Phishing scams are a major threat to all email users, especially businesses. The scary part is that they’re becoming increasingly sophisticated. Phishing emails popped up sometime in the early 90s. However, back then, they weren’t too hard to detect. For instance, typos were commonplace in an old-school phishing mail, and that was a dead giveaway.
Of course, this was a long time ago, when email was still in its infancy. Times have changed and today’s cybercriminal has changed with the times. Their tactics have evolved and phishing emails are far more convincing than they used to be. They are well written and personalized. Hackers and cybercriminals already have a rough idea of who you are, and that means today’s phishing emails are targeted.
Today’s phishing emails also look authentic; they replicate legitimate emails in terms of design and aesthetic. In fact, at first glance, you wouldn’t know the difference between a real email from your bank and a fraudulent version. Needless to say, this makes fighting phishing scams a major challenge.
On the rise
According to data from the RSA, phishing attacks are only growing, and this is despite an increase in user awareness. One major reason for this growth is the simplicity of executing such scams. Malware developers now offer automated toolkits that scammers can use to create and host phishing pages with the utmost ease.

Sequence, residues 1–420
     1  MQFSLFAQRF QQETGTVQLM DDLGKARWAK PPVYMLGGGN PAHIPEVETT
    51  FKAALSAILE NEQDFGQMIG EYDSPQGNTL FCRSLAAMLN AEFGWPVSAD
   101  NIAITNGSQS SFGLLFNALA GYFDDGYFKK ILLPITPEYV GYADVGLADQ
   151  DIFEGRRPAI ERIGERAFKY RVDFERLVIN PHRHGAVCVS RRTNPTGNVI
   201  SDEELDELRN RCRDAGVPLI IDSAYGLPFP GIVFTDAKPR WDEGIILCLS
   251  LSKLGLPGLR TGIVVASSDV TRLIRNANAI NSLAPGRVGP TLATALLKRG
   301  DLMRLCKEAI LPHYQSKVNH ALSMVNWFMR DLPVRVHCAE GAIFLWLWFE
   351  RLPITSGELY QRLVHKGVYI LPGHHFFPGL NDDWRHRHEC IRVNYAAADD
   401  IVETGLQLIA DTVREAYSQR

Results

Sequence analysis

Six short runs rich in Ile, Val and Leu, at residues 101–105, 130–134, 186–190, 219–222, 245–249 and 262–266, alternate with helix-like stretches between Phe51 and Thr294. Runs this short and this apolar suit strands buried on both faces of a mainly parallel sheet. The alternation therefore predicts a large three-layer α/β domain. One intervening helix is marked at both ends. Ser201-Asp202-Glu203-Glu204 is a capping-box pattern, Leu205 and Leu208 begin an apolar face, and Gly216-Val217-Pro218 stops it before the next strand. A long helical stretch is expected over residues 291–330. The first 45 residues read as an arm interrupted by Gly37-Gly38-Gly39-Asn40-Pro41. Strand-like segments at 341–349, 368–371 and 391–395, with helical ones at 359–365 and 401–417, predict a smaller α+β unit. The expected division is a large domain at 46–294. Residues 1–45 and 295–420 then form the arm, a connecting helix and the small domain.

It is estimated that each phishing attack manages to extract an average of $4500 in stolen funds.
So, the big question is – how does one protect their email, especially at a time when phishing scams are evolving? Well, here is what the experts have to say.
Never trust just a name
A common tactic used by scammers is spoofing the display name in an email. According to a study done by ReturnPath, around 50% of 760,000 email threats targeting some of the world’s biggest businesses had made use of this tactic.
This is how it works – let’s say a scammer spoofs a brand name such as “Nike.” The email address of the sender may look something like “Nike firstname.lastname@example.org.” But, even if Nike doesn’t actually own the domain “customersupport.com,” DMARC and other email authenticity and anti-fraud tools will not to block the mail. This is because the email is legitimately from customersupport.com, even though this domain has nothing to do with Nike. There is no authentication for the “comment” that goes along with the email address (in this example, that is the word “Nike”).
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